For a homework , I struggled to solve the following question but couldn't go further:

endowment of person 1 = (30,0)

endowment of person 2 = (0,20)

utility functions are such that: \begin{eqnarray*} U (a_1,b_1) & = & \min(a_1,b_1) \\ \\ U (a_2,b_2) & = & \min(4a_2,b_2). \end{eqnarray*}
What I am doing is setting a1 equal to b1 and 4a2 equal to b2. After that I'm writing these; $$ p_1 a_1 + p_2 b_1 = 30p_1 \mbox{ and } p_1a_2 + p_24a_2 = 20p_2 $$ Finally, by looking at feasibility condition, I'm writing down: \begin{eqnarray*} \frac{30p_1}{p_1+p_2} + \frac{20p_2}{p_1+4p_2} & = & 30 \\ \\ \frac{30p_1}{p_1+p_2} + \frac{4 \cdot 20p_2}{p_1+4p_2} & = & 20. \end{eqnarray*}

Here, if I do some calculations, they result in $p_1 = p_2$ and accordingly $a_1=b_1=15, a_2=4$ and $b_2=16.$ But then the problem is that there is excess demand for good2 and there isn't a WE.

Alternatively, I am considering to have $p_2 = 0$ so that there exist a Walrasian Equilibrium.

BUT, I'm stuck at this point and lack the correct intuition for solving next steps. Or, I might be in a completely incorrect way. Please, explain me what will be done with this excess demand?

Thank you in advance.

  • $\begingroup$ Why are you considering $p_2 = 0$? Notice that everyone likes good 2 'more' than good 1. And the total supply of good 1 exceeds that of good 2. This means that good 2 will always become scarce before good 1 does. Hence you should consider $p_1 = 0$. $\endgroup$
    – Giskard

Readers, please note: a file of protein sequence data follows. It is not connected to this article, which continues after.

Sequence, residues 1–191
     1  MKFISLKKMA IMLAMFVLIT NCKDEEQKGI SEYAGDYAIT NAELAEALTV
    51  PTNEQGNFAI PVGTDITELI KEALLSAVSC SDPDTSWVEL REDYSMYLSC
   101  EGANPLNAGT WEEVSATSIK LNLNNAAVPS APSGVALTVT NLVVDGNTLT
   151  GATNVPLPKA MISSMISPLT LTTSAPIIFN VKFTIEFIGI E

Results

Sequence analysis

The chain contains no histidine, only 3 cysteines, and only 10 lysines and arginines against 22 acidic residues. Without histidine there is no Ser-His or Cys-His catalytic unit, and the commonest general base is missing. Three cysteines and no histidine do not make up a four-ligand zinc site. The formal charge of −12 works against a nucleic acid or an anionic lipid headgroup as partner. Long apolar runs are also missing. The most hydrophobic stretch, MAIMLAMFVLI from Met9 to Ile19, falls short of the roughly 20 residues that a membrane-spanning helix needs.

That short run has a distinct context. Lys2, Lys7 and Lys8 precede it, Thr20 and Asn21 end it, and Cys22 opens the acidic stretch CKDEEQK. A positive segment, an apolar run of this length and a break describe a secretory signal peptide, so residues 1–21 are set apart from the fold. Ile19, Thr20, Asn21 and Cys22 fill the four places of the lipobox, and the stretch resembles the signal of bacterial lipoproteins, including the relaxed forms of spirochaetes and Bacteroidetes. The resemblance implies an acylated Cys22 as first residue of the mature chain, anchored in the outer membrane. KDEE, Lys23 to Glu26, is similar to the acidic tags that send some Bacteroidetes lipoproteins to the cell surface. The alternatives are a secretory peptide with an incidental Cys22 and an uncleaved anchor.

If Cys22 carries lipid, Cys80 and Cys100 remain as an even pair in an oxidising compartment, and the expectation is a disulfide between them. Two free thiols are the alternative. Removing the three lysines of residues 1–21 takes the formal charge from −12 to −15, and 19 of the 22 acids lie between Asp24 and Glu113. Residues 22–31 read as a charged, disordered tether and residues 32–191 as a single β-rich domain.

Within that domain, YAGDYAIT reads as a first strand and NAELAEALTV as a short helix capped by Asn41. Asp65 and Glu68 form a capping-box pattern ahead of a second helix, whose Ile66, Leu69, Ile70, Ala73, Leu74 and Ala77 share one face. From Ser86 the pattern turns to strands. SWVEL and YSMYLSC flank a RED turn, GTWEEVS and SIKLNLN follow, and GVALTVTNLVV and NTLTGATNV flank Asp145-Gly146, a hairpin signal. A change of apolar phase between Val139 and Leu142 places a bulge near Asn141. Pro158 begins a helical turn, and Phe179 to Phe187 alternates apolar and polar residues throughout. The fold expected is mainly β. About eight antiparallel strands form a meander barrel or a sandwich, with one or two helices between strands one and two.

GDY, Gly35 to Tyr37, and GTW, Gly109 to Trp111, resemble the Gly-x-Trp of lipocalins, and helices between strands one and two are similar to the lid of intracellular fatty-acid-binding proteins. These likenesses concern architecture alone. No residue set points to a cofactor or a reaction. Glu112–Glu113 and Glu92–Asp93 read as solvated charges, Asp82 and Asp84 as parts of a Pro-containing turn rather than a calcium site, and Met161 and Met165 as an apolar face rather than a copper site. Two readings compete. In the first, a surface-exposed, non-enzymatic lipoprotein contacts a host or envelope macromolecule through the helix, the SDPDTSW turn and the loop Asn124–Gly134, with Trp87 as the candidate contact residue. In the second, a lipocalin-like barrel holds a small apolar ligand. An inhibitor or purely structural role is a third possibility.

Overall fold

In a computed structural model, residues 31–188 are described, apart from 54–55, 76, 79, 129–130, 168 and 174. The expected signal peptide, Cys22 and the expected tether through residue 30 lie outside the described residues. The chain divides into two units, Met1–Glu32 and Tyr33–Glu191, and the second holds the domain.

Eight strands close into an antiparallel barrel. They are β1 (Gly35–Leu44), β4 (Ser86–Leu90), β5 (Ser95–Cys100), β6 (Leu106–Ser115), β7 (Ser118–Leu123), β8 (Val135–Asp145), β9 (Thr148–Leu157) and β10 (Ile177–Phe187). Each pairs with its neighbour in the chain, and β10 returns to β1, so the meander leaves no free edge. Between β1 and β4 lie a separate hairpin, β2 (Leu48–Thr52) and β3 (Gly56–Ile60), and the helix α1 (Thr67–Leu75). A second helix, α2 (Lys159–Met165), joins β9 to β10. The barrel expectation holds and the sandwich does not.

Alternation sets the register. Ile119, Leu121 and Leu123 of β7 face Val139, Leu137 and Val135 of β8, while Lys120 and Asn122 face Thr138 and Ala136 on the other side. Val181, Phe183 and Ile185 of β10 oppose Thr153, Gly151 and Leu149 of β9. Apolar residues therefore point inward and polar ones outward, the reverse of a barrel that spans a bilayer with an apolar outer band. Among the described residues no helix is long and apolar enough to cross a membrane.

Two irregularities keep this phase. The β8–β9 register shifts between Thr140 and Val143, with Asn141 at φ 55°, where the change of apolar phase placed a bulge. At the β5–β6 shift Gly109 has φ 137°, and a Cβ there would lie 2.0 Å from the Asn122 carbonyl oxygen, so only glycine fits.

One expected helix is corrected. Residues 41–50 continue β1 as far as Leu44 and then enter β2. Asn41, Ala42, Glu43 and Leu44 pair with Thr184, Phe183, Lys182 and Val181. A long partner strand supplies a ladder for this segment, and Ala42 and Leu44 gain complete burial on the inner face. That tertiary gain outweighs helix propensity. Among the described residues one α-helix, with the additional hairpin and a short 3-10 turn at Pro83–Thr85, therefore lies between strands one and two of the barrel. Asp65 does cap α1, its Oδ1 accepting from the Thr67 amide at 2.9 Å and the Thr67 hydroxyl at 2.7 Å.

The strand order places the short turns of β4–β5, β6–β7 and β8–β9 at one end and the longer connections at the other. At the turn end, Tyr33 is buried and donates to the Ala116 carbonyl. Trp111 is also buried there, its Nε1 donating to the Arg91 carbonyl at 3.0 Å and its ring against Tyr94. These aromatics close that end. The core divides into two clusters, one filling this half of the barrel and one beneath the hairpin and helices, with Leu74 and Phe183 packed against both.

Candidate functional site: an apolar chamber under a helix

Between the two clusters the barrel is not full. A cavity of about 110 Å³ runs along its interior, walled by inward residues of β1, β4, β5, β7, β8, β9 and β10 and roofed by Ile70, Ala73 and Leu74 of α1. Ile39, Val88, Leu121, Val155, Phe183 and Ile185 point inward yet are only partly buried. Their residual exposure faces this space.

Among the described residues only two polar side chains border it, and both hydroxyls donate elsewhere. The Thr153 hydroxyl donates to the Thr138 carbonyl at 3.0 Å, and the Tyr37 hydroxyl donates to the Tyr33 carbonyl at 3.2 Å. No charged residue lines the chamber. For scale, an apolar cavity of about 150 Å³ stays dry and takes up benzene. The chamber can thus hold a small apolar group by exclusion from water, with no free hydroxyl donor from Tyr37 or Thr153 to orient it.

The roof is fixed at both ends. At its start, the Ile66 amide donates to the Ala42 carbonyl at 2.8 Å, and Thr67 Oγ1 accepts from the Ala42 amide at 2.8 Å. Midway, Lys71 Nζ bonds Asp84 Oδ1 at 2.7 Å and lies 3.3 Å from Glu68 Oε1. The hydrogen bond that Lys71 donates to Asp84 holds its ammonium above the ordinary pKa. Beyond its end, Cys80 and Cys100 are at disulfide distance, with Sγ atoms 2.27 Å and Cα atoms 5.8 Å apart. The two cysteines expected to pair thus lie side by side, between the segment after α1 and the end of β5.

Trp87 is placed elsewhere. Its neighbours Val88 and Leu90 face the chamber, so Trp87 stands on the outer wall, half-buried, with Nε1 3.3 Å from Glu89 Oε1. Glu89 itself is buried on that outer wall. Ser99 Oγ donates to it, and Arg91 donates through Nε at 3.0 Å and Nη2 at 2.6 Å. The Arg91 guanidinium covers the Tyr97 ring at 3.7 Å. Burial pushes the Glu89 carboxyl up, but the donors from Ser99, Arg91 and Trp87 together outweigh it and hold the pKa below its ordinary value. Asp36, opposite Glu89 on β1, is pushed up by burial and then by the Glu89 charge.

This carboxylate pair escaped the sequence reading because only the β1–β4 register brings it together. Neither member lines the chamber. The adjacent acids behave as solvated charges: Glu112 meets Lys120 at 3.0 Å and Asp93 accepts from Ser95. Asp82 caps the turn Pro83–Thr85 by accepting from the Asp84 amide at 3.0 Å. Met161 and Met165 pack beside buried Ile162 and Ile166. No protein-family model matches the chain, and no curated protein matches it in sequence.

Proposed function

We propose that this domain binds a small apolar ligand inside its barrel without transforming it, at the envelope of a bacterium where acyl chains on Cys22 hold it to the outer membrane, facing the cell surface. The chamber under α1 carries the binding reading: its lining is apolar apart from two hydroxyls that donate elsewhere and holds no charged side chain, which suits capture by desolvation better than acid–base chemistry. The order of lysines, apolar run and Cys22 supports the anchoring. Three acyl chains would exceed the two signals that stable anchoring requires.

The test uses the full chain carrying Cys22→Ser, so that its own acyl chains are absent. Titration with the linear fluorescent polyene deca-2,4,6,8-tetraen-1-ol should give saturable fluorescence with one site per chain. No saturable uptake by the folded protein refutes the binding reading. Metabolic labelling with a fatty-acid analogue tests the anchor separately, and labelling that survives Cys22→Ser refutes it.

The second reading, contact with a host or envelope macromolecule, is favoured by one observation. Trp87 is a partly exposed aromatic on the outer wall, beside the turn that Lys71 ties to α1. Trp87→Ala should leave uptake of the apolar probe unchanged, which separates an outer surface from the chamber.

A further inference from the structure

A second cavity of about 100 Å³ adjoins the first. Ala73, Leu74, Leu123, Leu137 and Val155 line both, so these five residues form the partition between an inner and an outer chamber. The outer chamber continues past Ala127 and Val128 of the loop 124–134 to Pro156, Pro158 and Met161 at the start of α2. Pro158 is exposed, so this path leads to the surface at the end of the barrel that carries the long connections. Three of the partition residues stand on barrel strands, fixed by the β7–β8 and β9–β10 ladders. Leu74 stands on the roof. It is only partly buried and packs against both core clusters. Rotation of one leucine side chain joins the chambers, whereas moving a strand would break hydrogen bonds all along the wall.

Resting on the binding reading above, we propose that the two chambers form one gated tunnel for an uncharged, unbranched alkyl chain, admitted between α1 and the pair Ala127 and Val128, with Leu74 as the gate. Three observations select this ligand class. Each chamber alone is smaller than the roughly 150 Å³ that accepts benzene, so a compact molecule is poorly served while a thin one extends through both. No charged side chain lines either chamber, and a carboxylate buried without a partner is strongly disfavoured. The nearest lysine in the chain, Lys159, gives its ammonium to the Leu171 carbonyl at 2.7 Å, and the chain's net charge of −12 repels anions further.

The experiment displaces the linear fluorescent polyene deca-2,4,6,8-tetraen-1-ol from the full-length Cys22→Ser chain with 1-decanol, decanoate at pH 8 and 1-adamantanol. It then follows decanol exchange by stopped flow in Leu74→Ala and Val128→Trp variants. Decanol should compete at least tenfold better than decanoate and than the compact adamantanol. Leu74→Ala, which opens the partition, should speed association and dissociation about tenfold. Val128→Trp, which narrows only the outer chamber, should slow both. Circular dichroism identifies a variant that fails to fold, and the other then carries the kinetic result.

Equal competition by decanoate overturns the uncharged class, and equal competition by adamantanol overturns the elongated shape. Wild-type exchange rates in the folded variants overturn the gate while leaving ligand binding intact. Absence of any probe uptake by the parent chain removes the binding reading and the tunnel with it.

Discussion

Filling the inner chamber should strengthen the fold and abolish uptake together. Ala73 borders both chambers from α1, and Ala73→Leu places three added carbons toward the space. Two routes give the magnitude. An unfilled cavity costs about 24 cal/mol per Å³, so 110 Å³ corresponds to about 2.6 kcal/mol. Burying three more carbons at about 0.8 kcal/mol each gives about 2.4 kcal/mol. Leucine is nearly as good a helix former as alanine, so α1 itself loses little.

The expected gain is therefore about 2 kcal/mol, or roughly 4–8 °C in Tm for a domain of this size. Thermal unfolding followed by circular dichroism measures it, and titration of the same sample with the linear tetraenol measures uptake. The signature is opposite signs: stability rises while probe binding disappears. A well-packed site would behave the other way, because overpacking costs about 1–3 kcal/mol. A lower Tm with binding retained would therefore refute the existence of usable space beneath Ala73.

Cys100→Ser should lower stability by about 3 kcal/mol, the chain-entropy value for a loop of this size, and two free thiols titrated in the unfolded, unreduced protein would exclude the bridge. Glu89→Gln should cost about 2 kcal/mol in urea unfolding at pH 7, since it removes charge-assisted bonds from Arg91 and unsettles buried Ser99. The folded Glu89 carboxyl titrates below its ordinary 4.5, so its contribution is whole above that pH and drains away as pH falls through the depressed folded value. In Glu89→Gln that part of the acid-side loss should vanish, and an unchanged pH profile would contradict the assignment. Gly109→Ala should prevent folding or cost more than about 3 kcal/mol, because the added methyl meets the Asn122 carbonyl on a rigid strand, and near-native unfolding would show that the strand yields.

Mar 19 '16 at 18:21
  • $\begingroup$ How do we see that both person 1 and person 2 likes good 2 more? $\endgroup$
    – Ktp
    Mar 19 '16 at 18:35
  • $\begingroup$ From the complement ratios. $\endgroup$
    – Giskard
    Mar 19 '16 at 19:27

If the prices $p_1$ and $p_2$ are positive than as you pointed out the equations \begin{eqnarray*} \frac{30p_1}{p_1+p_2} + \frac{20p_2}{p_1+4p_2} & = & 30 \\ \\ \frac{30p_1}{p_1+p_2} + \frac{4 \cdot 20p_2}{p_1+4p_2} & = & 20. \end{eqnarray*} hold. This is troublesome, because subtracting the first equation from the second yields \begin{eqnarray*} \frac{3 \cdot 20p_2}{p_1+4p_2} & = & -10 \end{eqnarray*} which has no solution for positive prices. However if a good has zero price, than the demand equations are different as no one minds buying superflous goods as long as they are free. For $p_2 = 0$ you would have \begin{eqnarray*} \frac{30p_1}{p_1+p_2} + \frac{20p_2}{p_1+4p_2} & = & 30 \\ \\ \frac{30p_1}{p_1+p_2} + \frac{4 \cdot 20p_2}{p_1+4p_2} & \leq & 20. \end{eqnarray*} This is because $\frac{30p_1}{p_1+p_2} + \frac{4 \cdot 20p_2}{p_1+4p_2}$ is a minimum that the buyers need but they do not mind having more as good 2 is free. There is also a formulation of equilibrium, the 'value-equilibrium' which is that for good $i$ \begin{eqnarray*} p_i \cdot D_i(p) = p_i \cdot S_i(p) \mbox{ and } D_i(p) \leq S_i(p) \end{eqnarray*} meaning that there can be oversupply of zero price goods.
(Think about air. Would you buy air from someone?)
Unfortunately this equation system would still imply \begin{eqnarray*} \frac{3 \cdot 20p_2}{p_1+4p_2} & \leq & -10 \end{eqnarray*} which has no solution in non-negative prices. On the other hand, for $p_1 = 0$ you would have \begin{eqnarray*} \frac{30p_1}{p_1+p_2} + \frac{20p_2}{p_1+4p_2} & \leq & 30 \\ \\ \frac{30p_1}{p_1+p_2} + \frac{4 \cdot 20p_2}{p_1+4p_2} & = & 20. \end{eqnarray*} which implies \begin{eqnarray*} \frac{3 \cdot 20p_2}{p_1+4p_2} & \geq & -10. \end{eqnarray*} As $p_1 = 0$ any positive $p_2$ is a solution for this.

  • $\begingroup$ So, does it mean that as good 1 becomes free, it wont contribute to the wealth of anyone, but still (a1, b1) will be, say, (30-t, t) given t is between 5 and 30? I'm still confused... $\endgroup$
    – Ktp
    Mar 19 '16 at 20:04
  • $\begingroup$ I suggest you draw the indifference curves and the budget set with $p_1 = 0$. Perhaps it will help you see the optimal consumptions better. $\endgroup$
    – Giskard
    Mar 20 '16 at 8:28

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